Aside from the great height and beauty of Rose of Sharon, it is also an easy plant to propagate. You have three ways to choose from, all of which should be begun in the fall. Keep in mind the vigorous nature of Rose of Sharon, and be sure you select a site in full sun with rich, loose soil.
Collect the seeds from the plant once the seedpods have dried and are opening. Store the seeds in a cool, dry place in an envelope until six to eight weeks before your last frost in spring.
Start your seeds 1/4 to 1/2-inch deep in individual pots. Water well to moisten, but do not soak the soil. Place the pots into individual plastic bags.
Set the pots and bags in a sunny window for the seeds to germinate, which takes about two weeks. When they are 2 to 3 inches tall, remove the bags and continue to maintain the plants in moist soil until your last frost has passed and the plants are too large for their pots.
Select pencil-thick branches coming off strong stems once the leaves have fallen off the plant. Look for branches 9 to 12 inches long that have a firm tip.
Cut the branch off at the point where it joins the main stem. Make a top cut just above a bud and a bottom cut just below a bud to form a full 9- to 12-inch cutting. Many branches may supply two or more cuttings depending on their starting length.
Dig a 6- to 8-inch deep trench and fill the bottom with 1 to 2 inches of sand or perlite. Set your cuttings vertically into the sand, spacing them 4 to 5 inches apart. Fill in the trench with the same soil you had removed to bury just over half of the cutting.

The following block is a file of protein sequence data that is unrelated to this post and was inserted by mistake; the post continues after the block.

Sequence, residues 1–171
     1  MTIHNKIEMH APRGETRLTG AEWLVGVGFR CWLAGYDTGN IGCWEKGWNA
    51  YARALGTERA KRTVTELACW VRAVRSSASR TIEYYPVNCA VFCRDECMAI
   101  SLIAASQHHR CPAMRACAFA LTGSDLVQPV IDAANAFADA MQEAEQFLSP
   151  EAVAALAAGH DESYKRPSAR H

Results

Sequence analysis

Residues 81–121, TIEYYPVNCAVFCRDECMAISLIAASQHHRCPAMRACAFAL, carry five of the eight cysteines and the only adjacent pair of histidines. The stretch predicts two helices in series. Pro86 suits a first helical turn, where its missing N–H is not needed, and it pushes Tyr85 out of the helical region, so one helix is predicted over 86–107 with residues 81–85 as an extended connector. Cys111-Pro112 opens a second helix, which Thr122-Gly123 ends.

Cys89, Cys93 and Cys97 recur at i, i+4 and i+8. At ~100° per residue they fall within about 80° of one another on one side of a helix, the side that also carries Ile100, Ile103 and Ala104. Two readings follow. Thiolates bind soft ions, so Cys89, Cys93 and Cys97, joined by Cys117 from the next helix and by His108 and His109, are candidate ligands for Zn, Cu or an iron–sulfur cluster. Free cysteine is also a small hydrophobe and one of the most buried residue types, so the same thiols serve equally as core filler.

Water to keep the soil moist for the first month, then weed and water only as needed throughout the following year. During the second spring you can transplant the cuttings to their permanent location. Leave weaker cuttings to grow for another year before transplanting.
Dig up your existing plant and divide the root ball in half vertically. Divide it vertically once more to break the plant into quarters.
Continue to divide the plant until the root balls are about the size of a grapefruit. Larger, older plants may need more divisions than smaller ones to get to this size.
Plant each new division in a permanent location and water well for the first month. These divisions may need two growing seasons to root before you see blooms on them.
About this Author
Margaret Telsch-Williams is a freelance, fiction, and poetry writer from the Blue Ridge mountains. When not writing articles for Demand Studios, she works for WidescreenWarrior.com as a contributor and podcast co-host.